This Food Service Director is Feeding 25,000 Kids Daily Amid COVID-19

Chef Joe Urban and his team went from feeding 1,000 to tens of thousands of kids in his South Carolina community amid COVID-19 school closures. Learn how they prepared to hit the ground running.

  • Hero Highlights
  • April 10, 2020
  • By: Allison Ildefonso
  • Comments

This blog post is part of a new series on The Lunch Line called Hero Highlights. The Chef Ann Foundation wants to ensure the incredible stories of our school food workers are being told. These Hero Highlights are stories from the field during this challenging time, as school food teams tackle food insecurity due to widespread school closures amid the COVID-19 pandemic. Stay tuned for more.
 
For school food support during the coronavirus pandemic, view our COVID-19 Resources & Support page.


“This is heroes' work,” says Chef Joe Urban, Director of Food and Nutrition Services for Greenville County Schools in South Carolina. After catching wind of possible school closures due to COVID-19, Chef Urban and his team reacted quickly to adjust their daily work and handle a new set of challenges.

With a district enrollment of 77,500 and almost 80,000 meals (breakfast and lunch) served out of 101 schools and special centers on a normal day, they’re no strangers to high demand. Here, Chef Urban shares how Greenville went from feeding 1,000 to 20,000 kids in a matter of days, his thoughts on the importance of providing support to his community, and words of advice for fellow school food professionals.

How did you react when you found out about your school district closures? 

We were prepared for the possibility and reacted by implementing phase one of our emergency feeding plan, which was to open one or more eligible schools in our communities—each USDA-eligible and State Department-approved Seamless Summer Option locations.

Do you have any comments on the rising issue of school food staff becoming infected due to operating their remote feeding program?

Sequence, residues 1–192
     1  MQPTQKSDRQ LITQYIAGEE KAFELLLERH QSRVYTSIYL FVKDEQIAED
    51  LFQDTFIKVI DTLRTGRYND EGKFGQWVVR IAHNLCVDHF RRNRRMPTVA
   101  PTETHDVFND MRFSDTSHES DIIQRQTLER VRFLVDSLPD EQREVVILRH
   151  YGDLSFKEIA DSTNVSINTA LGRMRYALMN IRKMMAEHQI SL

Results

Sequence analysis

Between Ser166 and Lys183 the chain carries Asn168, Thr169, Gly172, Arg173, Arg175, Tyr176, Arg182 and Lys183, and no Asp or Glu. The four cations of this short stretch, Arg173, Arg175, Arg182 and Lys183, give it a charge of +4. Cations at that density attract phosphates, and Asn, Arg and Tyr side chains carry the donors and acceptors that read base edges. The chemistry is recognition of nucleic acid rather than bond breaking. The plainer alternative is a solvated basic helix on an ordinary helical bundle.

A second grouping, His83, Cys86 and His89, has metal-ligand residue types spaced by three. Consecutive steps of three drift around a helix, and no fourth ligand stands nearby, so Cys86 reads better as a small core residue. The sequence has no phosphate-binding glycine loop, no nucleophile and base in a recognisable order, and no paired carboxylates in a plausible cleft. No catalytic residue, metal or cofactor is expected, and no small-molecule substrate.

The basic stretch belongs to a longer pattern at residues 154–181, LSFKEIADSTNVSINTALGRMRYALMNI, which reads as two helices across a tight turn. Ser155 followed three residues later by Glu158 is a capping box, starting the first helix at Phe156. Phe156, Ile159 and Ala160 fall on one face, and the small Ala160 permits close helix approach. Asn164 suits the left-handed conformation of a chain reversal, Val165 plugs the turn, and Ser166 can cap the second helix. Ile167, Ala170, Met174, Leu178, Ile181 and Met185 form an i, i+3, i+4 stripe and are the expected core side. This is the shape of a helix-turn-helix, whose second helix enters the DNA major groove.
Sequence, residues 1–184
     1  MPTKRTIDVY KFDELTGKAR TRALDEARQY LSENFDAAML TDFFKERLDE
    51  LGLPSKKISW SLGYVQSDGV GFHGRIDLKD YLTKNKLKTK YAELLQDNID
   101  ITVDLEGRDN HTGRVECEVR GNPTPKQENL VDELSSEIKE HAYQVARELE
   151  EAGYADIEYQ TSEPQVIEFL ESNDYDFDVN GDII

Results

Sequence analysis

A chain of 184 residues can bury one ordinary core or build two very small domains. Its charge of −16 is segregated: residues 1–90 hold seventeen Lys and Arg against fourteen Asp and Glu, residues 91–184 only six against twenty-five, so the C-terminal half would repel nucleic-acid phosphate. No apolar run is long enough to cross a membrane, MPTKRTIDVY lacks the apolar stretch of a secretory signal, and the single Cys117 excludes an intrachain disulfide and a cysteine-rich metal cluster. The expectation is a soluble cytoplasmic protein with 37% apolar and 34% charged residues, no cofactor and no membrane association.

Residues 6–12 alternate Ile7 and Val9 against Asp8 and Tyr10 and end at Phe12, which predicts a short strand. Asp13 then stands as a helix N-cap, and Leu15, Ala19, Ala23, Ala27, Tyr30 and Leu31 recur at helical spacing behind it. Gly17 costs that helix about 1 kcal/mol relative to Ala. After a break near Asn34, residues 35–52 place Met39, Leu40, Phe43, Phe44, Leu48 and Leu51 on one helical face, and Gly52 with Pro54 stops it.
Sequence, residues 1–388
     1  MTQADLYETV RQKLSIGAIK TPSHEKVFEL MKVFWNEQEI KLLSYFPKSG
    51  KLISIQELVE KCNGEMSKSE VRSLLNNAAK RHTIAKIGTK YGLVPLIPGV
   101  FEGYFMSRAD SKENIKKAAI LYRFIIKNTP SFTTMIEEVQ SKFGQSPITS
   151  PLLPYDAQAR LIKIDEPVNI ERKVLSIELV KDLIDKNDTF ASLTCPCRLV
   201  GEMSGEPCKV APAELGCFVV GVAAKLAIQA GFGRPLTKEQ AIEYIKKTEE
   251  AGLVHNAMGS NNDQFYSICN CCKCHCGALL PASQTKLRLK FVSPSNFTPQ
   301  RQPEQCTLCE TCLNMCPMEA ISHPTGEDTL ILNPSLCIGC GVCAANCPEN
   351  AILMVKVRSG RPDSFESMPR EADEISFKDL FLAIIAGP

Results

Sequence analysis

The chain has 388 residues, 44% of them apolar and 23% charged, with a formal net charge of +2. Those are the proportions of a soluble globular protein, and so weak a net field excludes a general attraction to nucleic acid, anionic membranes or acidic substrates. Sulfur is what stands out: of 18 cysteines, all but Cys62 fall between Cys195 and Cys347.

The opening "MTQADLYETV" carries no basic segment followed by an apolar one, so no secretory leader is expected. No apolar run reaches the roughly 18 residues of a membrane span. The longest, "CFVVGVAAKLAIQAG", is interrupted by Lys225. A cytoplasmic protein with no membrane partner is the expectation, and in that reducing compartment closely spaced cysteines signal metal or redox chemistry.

This is a very real concern. In a time when the public is being instructed to remain in their homes for their safety, these employees are choosing to come to work to ensure that the most basic needs of the children in our community are met. It is essential that we do everything in our power to ensure that our staff are using the most current recommendations for personal safety while we are trying to meet the needs of the public.

While there is an increased risk of exposure for anyone that chooses to leave the safety of their homes during this time, these individuals throughout the country have decided that the risk of exposure is not greater than the need to make sure children are fed. This is heroes’ work, and when this thing is all said and done I believe there will be a new found respect for the people throughout the country that have chosen this career choice.

How is your emergency feeding program structured? 

We are operating feeding sites at 15 schools with car line pick-up, and 69 community drop-off locations serviced by school buses, providing meals for both breakfast and lunch. Meal service times are 10-12 Monday through Friday at all locations. 

Are you still receiving expected food deliveries? If not, how has that changed?

We are receiving deliveries as expected, with modifications being made to account for product shortages. We had a couple of manufacturer orders (whole tractor trailer loads) cancelled due to national demand issues when this first started, but for the most part we have been able to shift quickly and have not had any real product issues. Our distributor partner, Sysco Columbia, has been instrumental in working with us to identify items to secure to keep the food flowing.